An image of the fuzzy bright blue atmosphere of a comet, superimposed with graphs showing the spectroscopy results indicating the presence of iron and nickel.

Heavy metal space rock

For the first time, astronomers have detected traces of heavy metals in the atmospheres of comets – both those whizzing through our Solar System and those from interstellar space.

Scientists have long known that the dusty, rocky interiors of comets harbour solid forms of heavy metals. But these metals have only previously been observed in hot environments, like evaporating comets soaring to close too the Sun or ultra-hot exoplanet atmospheres.

Since these heavy metals don’t usually turn to gas (sublimate) at low temperatures, scientists didn’t expect them in the icy atmospheres of comets.

Yet that’s exactly what they found.

The results were reported in two separate papers by two separate research teams, both published in Nature.

The first study used ESO’s Very Large Telescope (VLT) in Chile to analyse the spectra of comets in our Solar System. When comets get close to the sun, their materials begin to heat up and sublimate, and astronomers can use a technique called spectroscopy to reveal the comet’s chemical composition.

The team had been observing comets using ESO’s VLT for 20 years but only just noticed the weak spectral lines signalling the presence of iron and nickel in small amounts.

The detection of the heavy metals iron (Fe) and nickel (Ni) in the fuzzy atmospheres of comets are illustrated in this image, which features the spectrum of light of C/2016 R2 (PANSTARRS) on the top left superimposed to a real image of the comet taken with the SPECULOOS telescope at ESO’s Paranal Observatory. Credit: ESO/L. Calçada, SPECULOOS Team/E. Jehin, Manfroid et al.

Lead author Jean Manfroid, from the University of Liège in Belgium, says: “It was a big surprise to detect iron and nickel atoms in the atmosphere of all the comets we have observed in the last two decades, about 20 of them, and even in ones far from the Sun in the cold space environment.”

The most far-flung comet they analysed was more than 480 million kilometres from the Sun, which is over triple the distance between the Earth and the Sun.

The team found iron and nickel in about equal amounts, which is notable because most other material in the Solar System contains ten times more iron than nickel.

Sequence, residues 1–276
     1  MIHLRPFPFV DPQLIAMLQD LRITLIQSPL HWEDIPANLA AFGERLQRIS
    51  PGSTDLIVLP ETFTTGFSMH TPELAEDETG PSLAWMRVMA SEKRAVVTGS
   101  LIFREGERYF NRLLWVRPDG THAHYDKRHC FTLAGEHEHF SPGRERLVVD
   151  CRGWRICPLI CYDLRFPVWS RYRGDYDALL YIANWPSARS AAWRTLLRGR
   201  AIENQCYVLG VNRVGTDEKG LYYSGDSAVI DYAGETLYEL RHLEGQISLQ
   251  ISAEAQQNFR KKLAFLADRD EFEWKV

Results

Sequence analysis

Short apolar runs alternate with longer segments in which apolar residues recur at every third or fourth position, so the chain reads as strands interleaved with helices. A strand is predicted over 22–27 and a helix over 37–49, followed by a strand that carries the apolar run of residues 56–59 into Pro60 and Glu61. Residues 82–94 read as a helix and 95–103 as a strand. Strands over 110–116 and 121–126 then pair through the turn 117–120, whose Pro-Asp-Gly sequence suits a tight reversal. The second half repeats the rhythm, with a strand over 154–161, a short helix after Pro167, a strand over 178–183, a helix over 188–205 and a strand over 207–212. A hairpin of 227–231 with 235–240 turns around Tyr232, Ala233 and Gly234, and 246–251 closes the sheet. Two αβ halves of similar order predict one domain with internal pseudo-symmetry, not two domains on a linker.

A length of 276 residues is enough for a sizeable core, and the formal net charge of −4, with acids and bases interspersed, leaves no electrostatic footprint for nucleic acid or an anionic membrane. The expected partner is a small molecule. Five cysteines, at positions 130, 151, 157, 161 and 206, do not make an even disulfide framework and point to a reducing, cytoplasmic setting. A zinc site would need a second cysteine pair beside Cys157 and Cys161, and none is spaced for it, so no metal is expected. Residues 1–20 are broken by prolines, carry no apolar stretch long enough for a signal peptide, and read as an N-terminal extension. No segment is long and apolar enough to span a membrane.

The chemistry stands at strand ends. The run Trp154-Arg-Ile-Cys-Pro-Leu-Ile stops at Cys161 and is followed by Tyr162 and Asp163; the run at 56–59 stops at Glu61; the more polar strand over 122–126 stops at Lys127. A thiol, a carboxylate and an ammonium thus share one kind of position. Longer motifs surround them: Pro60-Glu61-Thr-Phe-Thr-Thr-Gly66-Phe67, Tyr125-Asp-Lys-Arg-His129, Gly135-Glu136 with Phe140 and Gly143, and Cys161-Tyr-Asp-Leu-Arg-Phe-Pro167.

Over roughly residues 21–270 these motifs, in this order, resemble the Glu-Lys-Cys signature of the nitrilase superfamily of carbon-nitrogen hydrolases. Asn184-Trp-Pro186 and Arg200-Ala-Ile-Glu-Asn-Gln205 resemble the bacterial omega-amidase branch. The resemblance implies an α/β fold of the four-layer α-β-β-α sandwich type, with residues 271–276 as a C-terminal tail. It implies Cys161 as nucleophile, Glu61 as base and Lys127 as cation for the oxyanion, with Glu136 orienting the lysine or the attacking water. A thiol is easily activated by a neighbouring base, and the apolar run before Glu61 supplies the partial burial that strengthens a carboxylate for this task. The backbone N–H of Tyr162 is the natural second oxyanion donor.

“We came to the conclusion they might come from a special kind of material on the surface of the comet nucleus, sublimating at a rather low temperature and releasing iron and nickel in about the same proportions,” explains Damien Hutsemékers, also from the University of Liège – though the team is not yet sure what such a material would be.

The second Nature study looked further afield to analyse a comet not from our own neck of the woods – but from another Solar System entirely.

Another team from Poland spotted a gaseous form of nickel in the icy interstellar comet 2I/Borisov, also using a spectrograph on ESO’s VLT.

“At first we had a hard time believing that atomic nickel could really be present in 2I/Borisov that far from the Sun,” says lead author Piotr Guzik from the Jagiellonian University in Poland.

2I/Borisov was just 300 million kilometres from the Sun and had an estimated temperature of 180 degrees Kelvin, much cooler than the 700 degrees Kelvin necessary to sublimate nickel.

In their paper, the authors suggest a possible origin: “Unbound nickel atoms seem to originate from the photodissociation of a short-lived nickel-containing molecule that sublimates at low temperatures or is otherwise released with major volatile compounds.”

The results show that comets from other star systems have much more in common with comets from our own Solar System than we thought.

In an accompanying opinion piece, astronomers Dennis Bodewits and Steven J. Bromley conclude:

“If we can unravel the origin of iron and nickel in regular comets and this interstellar object, we might uncover a story of organic chemistry between shared different planetary systems.”

The results are also interesting for what they might add to our understanding of the formation of the Solar System, as comets are composed of dust and ice leftover from planetary formation.

“Comets formed around 4.6 billion years ago, in the very young Solar System, and haven’t changed since that time,” says co-author of the first study, Emmanuel Jehin from the University of Liège. “In that sense, they’re like fossils for astronomers.”


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